Dance in the middle of the fighting…

Rumi Dance

I don't normally quote Rumi – not because he isn't terrifically inspiring, because he is. It's more because he's so – quoted. But this one really spoke to me today, especially the line 'Dance in the middle of the fighting'. I imagined applying that to any trials I'm facing and thought – wow, that would be liberating. And, I'm beginning to realise, achievable.


For me, access to this comes in three things:
1) Letting the joy from my blessings – and they far outweigh the trials in my life (I had a dumbstruck moment when I realised that earlier today) – shine inside me and provide strength. They are sent to me by God, I have a duty to acknowledge them and gain what I can from them, and I can choose to fight my trials with joy in my heart – and that helps me to dance. (It also helps me detach myself from the fight – why would I want that angst when I have all these incredible blessings to enjoy?)
2) Looking beyond the rational, logical plane of what appears to be –  my challenges seem daunting because somebody is more powerful than me, I don't have enough money, there is so much work involved etc. – and looking up, higher, to a different horizon and focal point: God, the Creator, who has dominion over all things, including my trials. When He becomes my focal point, I can almost literally see over the heads of my challenges to Him, and everything else just becomes smaller.
3) Fight the good fights. I am beginning to learn this, and it challenges me to let go of fights I want to fight out of personal anger, or a desire for vengeance. Those fights come from the ego, and are not good fights – those fought for God's Way. That, to me, does not necessarily mean fighting literally for God, but for the values, principles and behaviours God has enjoined on me. I know that He has commanded me to stand up against oppression and defend myself (Qur'an 42:39) – and also given me the capacity and allowance to forgive – and juxtaposes that with condemnation of those who oppress others, who transgress bounds and defy right and justice (42:42). If I am fighting to defend principles of fairness, giving and receiving just due, and the other human values set out in the Qur'an – and this could be in very 'normal' situations like an error in your tax calculation, or a charge made without basis, or due process not being followed – then I like to think I am fighting the good fight, one on principles ordained by God rather than personal ego. To let go of the baggage that personal vendettas sneakily place on us is also liberating; when I let go of that weight, I'm also free to dance.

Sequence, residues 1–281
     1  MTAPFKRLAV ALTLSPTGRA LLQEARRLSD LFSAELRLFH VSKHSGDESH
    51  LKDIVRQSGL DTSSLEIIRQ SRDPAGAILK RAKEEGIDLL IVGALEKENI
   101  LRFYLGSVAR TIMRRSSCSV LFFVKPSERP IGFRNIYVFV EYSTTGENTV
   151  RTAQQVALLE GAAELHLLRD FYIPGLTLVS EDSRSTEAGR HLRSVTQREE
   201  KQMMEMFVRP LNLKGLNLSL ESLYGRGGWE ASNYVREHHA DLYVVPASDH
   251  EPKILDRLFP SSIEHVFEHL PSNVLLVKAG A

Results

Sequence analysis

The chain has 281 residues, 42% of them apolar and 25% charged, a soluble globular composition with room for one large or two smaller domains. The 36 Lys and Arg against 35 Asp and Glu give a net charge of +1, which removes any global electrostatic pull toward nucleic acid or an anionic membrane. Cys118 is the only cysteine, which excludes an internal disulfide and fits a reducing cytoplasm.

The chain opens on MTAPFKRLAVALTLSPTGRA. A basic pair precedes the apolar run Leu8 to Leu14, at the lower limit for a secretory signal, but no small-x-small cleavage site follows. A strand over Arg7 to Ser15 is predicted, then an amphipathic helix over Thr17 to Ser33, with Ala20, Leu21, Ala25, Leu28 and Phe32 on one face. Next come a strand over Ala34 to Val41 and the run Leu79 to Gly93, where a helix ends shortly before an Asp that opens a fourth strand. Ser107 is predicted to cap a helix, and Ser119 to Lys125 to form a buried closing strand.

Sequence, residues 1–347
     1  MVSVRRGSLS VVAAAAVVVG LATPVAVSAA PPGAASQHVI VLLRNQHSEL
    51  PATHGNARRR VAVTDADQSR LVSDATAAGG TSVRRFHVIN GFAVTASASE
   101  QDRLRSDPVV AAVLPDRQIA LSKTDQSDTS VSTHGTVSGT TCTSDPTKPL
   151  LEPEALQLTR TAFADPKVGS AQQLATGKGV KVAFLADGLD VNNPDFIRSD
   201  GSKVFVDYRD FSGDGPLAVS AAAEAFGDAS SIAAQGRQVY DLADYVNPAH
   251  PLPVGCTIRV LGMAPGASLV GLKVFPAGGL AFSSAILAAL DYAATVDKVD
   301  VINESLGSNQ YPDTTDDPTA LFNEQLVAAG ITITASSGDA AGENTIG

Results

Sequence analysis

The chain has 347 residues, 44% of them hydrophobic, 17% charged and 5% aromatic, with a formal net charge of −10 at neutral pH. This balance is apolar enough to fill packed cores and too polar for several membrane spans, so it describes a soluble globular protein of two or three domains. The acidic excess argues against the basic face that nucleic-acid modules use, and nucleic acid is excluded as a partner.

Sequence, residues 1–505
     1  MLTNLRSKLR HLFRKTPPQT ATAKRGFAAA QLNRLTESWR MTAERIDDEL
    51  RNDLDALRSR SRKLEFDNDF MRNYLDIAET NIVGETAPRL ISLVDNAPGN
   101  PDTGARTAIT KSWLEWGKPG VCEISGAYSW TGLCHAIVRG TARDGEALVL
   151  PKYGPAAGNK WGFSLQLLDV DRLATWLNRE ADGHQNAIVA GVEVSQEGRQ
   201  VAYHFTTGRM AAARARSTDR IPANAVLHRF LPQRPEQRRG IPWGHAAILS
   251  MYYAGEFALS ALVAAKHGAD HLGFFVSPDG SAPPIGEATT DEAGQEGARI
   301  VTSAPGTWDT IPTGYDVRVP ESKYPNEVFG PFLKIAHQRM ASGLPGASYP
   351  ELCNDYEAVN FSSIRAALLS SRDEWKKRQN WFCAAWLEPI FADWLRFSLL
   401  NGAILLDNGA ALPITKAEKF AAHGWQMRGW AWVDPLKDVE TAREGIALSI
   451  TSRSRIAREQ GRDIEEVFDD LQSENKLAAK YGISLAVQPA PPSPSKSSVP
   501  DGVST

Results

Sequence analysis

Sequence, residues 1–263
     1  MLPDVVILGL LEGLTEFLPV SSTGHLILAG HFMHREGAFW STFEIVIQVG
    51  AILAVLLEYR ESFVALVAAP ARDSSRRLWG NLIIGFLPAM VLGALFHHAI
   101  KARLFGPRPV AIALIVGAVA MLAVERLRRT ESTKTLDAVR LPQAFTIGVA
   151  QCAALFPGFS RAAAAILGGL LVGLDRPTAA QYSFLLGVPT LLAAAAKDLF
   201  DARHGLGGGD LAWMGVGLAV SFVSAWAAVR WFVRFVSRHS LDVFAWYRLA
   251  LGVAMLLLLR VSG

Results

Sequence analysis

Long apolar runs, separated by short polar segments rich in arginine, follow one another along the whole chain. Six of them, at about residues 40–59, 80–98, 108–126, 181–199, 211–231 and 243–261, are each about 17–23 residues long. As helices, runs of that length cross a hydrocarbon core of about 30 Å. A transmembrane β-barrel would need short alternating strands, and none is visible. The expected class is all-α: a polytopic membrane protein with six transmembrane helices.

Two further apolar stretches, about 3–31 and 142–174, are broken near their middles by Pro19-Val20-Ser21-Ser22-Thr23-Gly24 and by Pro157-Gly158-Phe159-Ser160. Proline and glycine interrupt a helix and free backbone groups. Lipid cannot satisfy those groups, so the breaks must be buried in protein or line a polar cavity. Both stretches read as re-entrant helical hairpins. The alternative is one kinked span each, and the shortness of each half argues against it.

I am not a master of these principles. I am just beginning to grasp them, and in the moments I do, the liberation I experience is profound. It is immediate and empowering, and my perspective on the world shifts: with my eyes on God, dealing with what the world throws at me becomes possible. To achieve mastery over them is my test. In that space, being able to dance in the fight becomes a much more real possibility than it might have seemed, and I think when you are able to do that is the moment when you are absolutely free.


Source credits for the beautiful image: @nadeemkhawar 


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